Nearly all new TVs are ‘smart’, meaning they can connect directly to the internet. It’s a great way to use streaming services – most TVs have Netflix pre-loaded, with many also including local apps such as Neon and Sky Sport Now.
However, smart TVs are notorious for lacklustre operating system support. A few years after buying, you might find your TV stops receiving updates. That can lead to anything from streaming apps failing to open, to your TV becoming vulnerable to malicious attacks.
Those with the Android TV operating system are likely to be supported for longer, but there’s no silver bullet.
Extra costs: audio and mounting
A new TV is expensive enough by itself, but don’t forget the hidden costs. If you don’t have a sound bar or home theatre system already, you should budget for one because modern TVs typically have poor sound quality. If you want to hang your TV on a wall, factor in the costs for that as well. A basic mount might cost as little as $40, but it could be more like $200-300 if you want an articulated swivel mount or need a tradie to install your TV for you.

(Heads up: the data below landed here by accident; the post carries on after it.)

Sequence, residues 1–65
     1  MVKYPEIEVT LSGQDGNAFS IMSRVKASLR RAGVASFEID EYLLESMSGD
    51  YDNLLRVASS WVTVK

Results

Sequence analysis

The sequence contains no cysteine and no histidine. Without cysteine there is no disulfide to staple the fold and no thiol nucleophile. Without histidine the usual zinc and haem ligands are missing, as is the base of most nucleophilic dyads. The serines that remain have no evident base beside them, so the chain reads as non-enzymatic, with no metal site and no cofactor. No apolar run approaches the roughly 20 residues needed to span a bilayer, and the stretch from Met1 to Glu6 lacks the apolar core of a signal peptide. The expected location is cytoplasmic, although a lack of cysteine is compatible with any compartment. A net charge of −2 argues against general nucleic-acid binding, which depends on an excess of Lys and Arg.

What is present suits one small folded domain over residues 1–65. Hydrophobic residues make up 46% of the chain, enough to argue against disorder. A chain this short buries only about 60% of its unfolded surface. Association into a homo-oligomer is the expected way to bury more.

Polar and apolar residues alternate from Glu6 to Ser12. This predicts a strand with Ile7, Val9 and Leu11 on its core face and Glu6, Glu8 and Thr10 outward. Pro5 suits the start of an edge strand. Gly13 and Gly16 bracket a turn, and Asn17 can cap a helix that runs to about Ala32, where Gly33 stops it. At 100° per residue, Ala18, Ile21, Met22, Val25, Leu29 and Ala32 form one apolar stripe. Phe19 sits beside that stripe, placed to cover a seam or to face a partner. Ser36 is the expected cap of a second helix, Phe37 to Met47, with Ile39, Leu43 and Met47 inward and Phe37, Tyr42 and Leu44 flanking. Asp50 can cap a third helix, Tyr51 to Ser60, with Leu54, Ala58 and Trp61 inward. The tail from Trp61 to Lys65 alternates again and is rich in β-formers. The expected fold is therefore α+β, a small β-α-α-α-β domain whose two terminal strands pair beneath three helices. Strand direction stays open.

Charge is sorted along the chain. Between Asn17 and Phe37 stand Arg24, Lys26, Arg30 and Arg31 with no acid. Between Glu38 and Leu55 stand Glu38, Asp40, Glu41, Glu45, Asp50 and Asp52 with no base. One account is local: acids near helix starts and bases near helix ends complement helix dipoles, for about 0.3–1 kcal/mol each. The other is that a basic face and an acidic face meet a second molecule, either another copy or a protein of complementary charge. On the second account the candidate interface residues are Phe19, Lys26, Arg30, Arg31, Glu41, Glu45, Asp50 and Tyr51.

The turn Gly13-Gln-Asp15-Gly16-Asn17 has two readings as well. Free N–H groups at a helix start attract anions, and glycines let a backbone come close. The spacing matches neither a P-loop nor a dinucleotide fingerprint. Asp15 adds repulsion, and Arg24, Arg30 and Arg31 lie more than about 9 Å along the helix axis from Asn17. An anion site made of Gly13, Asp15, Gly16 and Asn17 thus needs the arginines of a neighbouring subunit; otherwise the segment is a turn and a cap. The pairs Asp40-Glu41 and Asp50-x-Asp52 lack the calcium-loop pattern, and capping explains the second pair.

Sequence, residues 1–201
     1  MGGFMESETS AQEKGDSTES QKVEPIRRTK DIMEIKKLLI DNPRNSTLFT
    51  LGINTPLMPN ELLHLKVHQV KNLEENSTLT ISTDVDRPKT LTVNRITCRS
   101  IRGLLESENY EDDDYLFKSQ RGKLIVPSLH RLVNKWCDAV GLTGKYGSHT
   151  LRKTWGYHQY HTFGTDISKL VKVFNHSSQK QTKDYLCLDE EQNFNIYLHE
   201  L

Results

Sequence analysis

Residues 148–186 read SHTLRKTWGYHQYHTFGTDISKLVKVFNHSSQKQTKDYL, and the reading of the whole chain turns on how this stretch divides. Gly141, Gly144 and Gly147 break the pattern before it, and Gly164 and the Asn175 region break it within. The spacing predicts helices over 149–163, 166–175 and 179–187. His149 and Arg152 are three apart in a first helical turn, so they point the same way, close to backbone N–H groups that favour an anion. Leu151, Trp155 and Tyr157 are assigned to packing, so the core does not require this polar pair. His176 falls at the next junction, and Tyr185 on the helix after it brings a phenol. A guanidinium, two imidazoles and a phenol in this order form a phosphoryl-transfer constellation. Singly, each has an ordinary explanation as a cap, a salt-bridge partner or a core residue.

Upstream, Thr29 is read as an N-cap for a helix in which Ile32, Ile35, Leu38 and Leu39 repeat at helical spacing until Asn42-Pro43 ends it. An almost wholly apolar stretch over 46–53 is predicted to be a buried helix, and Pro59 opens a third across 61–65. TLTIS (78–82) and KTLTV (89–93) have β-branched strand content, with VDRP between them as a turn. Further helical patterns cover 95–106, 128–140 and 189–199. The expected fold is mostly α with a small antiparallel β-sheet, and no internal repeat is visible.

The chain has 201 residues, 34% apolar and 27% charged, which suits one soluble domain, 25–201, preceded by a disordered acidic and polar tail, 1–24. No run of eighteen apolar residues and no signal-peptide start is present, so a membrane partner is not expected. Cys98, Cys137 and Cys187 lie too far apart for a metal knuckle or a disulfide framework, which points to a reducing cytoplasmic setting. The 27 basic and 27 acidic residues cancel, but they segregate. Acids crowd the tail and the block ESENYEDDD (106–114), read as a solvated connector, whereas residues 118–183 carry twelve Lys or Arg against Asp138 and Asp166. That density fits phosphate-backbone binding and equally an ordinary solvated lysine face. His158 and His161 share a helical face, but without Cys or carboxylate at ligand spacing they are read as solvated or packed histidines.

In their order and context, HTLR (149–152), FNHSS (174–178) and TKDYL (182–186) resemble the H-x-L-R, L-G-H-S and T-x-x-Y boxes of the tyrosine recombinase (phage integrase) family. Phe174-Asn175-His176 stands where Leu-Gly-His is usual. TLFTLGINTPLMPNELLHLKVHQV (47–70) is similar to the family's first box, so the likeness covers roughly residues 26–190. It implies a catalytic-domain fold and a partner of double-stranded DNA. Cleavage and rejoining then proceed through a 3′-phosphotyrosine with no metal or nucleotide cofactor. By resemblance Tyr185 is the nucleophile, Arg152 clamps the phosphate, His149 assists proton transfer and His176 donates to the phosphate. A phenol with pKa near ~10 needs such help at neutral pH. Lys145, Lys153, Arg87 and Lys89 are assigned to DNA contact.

When to buy a TV
You might not need to splash out on a new TV at all.
If your current TV isn’t smart enough any more, you can plug in a streaming device like a Chromecast or SmartVU to get apps back up and running.
If you do need a new one, look for last season’s model and avoid buying over winter if you can.
For more, including whether Black Friday and Boxing Day sales are worth waiting for, read our tips on when to buy a TV.
Energy rating labels
The Energy Rating Label has a scale of stars to show how energy efficient a model is, compared to other models of the same size/capacity.
More stars = more energy efficient.
The energy consumption figure is in kilowatt-hours (kWh) and you can use this figure and the cost (tariff) from your latest power bill to calculate how much this model will cost to run. The MBIE-reported national average cost of a kWh in New Zealand is 29¢.
Lower kWh = cheaper to run.
TV annual energy consumption in kWh is based on standards testing and assumes the TV is on for 10 hours a day and on standby for 14 hours.
You should only compare star ratings of televisions with the same or similar capacities.
For information on energy ratings and how to use them, see our Energy Rating Labels explained article.